Winchell was dismissed shortly after he published a book in which he theorized that Africans were descended from a group of beings who predated the biblical Adam. That book, Adamites and Pre-Adamites, was published in 1878, yet Winchell had come out as a proponent of evolution nearly four years earlier, when he published a book called The Doctrine of Evolution. This book had already been widely reviewed by the religious press by the time Bishop Holland McTyeire of the Methodist Episcopal Church, South, asked Winchell to chair the Geology and Mineralogy Department at Vanderbilt University in 1875. The invitation was extended even though the geologist had made it clear in his book that he not only endorsed Darwin’s theories, he also believed those theories could be applied to the human species. “It is no more derogatory to man’s dignity to have been . . . an ape than to have been that red lump of mere flesh which we call a human infant,” Winchell wrote toward the end of his book. “If the means by which the babe had developed into a man do not . . . seem to exclude Deity from the process, why should we feel that Deity is necessarily excluded from a similar process in leading man up from the monkey?”65 Winchell’s book was not reviewed by the Quarterly Review of the Methodist Episcopal Church, South, but it does appear that religious leaders in the region had at least a passing familiarity with his work. In a personal letter to Winchell, Bishop McTyeire told the geologist that he had many “friends in the Southwest and South who . . . are acquainted with you as an author and a scientist.”66 Additionally, the school’s trustees had personal and professional connections with northern Methodists who regularly read the Methodist Quarterly Review, where an evaluation of Winchell’s book had been published. Among those northern connections was Frances Crawford, whose marriage to Cornelius Vanderbilt had helped her cousin secure more than a million dollars for the university.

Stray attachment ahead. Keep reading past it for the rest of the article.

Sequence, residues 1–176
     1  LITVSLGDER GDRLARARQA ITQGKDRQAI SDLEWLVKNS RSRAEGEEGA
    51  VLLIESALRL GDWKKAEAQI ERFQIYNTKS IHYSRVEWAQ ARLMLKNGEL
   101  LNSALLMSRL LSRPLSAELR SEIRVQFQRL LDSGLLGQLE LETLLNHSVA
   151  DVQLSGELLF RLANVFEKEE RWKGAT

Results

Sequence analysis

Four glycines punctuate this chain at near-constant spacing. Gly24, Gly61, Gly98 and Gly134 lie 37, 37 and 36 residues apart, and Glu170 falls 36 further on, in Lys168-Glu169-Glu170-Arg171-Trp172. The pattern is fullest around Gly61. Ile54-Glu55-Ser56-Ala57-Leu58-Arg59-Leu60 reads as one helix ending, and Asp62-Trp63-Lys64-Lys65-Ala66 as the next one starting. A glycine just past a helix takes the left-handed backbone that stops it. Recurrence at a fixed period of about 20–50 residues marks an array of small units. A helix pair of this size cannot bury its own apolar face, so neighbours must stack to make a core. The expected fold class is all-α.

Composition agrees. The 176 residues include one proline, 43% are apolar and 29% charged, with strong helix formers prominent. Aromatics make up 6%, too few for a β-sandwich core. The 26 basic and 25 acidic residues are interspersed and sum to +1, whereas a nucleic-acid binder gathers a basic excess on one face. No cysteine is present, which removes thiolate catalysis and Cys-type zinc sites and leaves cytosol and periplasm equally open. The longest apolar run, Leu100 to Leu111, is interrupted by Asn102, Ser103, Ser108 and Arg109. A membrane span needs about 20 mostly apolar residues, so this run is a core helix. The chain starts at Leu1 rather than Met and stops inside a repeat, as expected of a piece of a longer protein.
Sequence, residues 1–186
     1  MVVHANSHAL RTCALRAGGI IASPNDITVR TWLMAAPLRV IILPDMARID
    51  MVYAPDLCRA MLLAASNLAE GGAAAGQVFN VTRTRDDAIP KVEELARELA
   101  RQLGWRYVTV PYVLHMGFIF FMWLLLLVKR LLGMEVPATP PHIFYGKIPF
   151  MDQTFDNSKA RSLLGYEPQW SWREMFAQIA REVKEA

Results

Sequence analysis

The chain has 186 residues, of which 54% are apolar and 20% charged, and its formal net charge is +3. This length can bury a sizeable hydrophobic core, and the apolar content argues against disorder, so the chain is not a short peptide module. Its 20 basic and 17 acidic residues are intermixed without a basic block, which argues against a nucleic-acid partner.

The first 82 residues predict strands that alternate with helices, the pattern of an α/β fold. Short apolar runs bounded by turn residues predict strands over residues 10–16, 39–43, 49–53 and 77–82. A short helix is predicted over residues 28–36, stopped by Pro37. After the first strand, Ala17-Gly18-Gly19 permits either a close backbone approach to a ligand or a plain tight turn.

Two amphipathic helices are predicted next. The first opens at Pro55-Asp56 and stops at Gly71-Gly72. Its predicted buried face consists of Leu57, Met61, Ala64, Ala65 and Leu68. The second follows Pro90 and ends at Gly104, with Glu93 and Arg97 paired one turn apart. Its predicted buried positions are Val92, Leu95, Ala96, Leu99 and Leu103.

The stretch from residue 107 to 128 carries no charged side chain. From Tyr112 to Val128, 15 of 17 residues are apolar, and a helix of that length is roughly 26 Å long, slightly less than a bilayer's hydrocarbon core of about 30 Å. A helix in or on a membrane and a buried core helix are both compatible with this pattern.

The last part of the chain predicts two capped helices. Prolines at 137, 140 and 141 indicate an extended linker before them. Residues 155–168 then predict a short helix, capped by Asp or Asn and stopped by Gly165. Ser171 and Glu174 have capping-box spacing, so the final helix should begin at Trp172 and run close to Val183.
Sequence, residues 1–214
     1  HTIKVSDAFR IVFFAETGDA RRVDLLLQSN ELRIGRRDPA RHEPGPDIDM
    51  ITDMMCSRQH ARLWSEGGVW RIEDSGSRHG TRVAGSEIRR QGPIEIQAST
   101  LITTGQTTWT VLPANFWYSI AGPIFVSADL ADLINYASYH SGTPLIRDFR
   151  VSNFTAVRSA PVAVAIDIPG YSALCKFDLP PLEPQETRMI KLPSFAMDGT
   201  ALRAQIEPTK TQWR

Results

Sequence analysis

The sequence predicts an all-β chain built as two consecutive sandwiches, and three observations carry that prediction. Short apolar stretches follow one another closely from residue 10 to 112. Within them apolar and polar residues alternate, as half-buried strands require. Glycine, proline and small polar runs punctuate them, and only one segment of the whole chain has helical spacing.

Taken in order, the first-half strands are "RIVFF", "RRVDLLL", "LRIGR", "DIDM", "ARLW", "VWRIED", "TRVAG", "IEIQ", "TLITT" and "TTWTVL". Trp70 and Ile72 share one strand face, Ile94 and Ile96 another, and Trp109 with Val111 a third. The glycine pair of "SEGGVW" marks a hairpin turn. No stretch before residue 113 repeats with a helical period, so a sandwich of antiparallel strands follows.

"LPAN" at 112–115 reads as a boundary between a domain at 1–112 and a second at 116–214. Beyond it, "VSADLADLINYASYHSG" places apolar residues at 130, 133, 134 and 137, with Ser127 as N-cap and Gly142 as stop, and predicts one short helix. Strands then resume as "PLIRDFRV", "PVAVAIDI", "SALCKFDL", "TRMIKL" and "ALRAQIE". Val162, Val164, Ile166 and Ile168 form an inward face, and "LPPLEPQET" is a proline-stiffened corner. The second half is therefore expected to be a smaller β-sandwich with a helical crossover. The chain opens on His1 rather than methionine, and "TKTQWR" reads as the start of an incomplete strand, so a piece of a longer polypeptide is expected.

The MQR was not troubled by Winchell’s application of evolution to the human species. The journal’s review of The Doctrine of Evolution was overwhelmingly positive, insisting that Winchell’s book proved that “the real evolution revealed by science in the progress of the creation is not unintelligent.” Not a word was said about the passages in which Winchell insisted that “man” had developed from “the monkey.” Indeed, the only flaw the reviewer could find with the book was that its “clear thought is enveloped in too scientific a terminology,” and its “esoteric dialect,” therefore, made it inaccessible to the “large body of popular readers.”67
Winchell’s penchant for impenetrable prose did not concern officials at Vanderbilt when they asked him to teach at their university-and neither did his opinion that the natural development of human beings was perfectly compatible with his Methodist faith. The trustees were keen to use the endowment they had received from the Commodore to build up the school’s academic reputation. That reputation would necessarily bolster the intellectual credentials of the Methodist faith. Securing the likes of Winchell among the ranks of the new school’s faculty was an important step in the trustees’ campaign to establish Vanderbilt University’s legitimacy.68 Winchell’s reputation among scientists was already celebrated, and the trustees knew this.